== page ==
Heat stroke is a common veterinary emergency caused by abnormally high elevations in core body temperature. It primarily occurs in dogs in poorly ventilated hot humid environments, such as pets left in cars during the summer months, but it can also happen to a dog with a thick coat taking it’s first long walk of the season on a warm spring day. In late spring and the first weeks of summer pets have not had time to acclimate to the heat. Exacerbating factors include environmental humidity, water deprivation, obesity, and exercise that the animal is not typically used to doing. In addition, brachycephalic (short-nosed) breeds like pugs and bulldogs, and dogs with upper airway diseases like laryngeal paralysis are also more likely to develop problems.
Clinical signs seen with heat stroke include excessive panting, dark brick red gums, diarrhea, vomiting, wobbly gait, hypersalivation, and collapse. In severe cases, loss of consciousness or altered mental status, muscle tremors, listlessness and seizures have been seen. High rectal temperatures of 104.9 to 109.4 degrees can lead to severe problems (normal temperatures for dogs and cats range from 100 to 102.5) in multiple body systems and can cause organ failure.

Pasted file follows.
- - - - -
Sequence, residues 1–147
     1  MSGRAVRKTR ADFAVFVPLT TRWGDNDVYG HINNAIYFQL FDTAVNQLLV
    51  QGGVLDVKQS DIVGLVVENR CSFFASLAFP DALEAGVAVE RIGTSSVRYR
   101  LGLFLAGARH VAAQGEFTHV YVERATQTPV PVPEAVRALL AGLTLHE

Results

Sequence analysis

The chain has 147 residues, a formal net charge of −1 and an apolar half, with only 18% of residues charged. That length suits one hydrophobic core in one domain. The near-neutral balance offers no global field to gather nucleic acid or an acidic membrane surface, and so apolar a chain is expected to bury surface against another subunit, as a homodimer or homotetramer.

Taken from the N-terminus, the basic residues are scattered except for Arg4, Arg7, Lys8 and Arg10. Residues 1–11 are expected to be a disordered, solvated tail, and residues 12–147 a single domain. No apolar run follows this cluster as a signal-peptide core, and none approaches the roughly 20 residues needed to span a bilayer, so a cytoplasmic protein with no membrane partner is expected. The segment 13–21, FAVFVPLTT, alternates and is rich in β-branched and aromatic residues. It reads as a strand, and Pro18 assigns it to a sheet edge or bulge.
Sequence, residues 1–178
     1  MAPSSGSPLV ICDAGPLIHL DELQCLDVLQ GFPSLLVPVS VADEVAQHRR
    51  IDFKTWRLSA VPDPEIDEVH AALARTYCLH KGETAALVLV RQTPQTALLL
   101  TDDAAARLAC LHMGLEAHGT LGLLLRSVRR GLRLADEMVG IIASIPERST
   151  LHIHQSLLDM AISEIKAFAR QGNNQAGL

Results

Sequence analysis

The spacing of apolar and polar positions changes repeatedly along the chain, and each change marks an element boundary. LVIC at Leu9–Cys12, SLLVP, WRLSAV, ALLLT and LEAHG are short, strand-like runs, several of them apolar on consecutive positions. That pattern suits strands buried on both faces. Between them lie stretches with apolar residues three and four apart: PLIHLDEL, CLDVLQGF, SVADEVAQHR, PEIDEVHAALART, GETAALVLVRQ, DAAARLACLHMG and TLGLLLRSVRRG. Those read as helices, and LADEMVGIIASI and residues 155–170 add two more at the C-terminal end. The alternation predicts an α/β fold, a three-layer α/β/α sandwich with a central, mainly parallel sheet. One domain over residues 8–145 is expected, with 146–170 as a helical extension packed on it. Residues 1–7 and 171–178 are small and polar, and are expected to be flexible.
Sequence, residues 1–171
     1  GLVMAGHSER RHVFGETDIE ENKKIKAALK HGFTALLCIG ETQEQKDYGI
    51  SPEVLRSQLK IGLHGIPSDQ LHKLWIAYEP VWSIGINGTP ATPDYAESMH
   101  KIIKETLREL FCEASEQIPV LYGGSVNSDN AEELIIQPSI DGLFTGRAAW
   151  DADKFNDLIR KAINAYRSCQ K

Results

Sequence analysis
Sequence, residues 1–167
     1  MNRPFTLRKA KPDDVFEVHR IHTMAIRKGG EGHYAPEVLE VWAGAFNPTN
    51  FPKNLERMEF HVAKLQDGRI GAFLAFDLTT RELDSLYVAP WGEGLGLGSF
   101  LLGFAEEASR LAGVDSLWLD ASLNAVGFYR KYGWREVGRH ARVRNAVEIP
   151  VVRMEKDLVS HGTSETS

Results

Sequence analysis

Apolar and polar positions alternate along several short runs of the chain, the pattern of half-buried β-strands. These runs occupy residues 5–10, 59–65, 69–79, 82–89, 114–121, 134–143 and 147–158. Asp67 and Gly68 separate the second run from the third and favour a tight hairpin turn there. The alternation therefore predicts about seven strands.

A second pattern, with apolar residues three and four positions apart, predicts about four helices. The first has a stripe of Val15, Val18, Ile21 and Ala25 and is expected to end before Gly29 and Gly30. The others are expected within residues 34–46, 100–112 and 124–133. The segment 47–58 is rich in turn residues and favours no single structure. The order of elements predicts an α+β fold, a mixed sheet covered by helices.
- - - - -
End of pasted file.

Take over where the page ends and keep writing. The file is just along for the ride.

If a pet is identified to be suffering from heat stroke, quick action should be taken. Spray the pet with cool, not cold, water if readily available and take your pet to their veterinarian or local veterinary emergency clinic immediately. During transportation, keep car windows open or the air conditioning on to continue to cool the pet. Alternatively, fans can be used. Dropping the body temperature as soon as possible provides the best outcome and reduces damage to internal organs. However, caution must be used as making the pet too cold can also cause problems.
Prognosis is guarded depending on the severity and presence or absence of complicating factors. Heat stroke can cause shock and affect major organ systems in the body, including the brain and neurologic system, gastro-intestinal tract (leading to ulcers, bloody diarrhea and vomiting), kidney failure and bleeding problems. It is recommended to seek veterinary care as soon as possible for further evaluation and emergency treatment.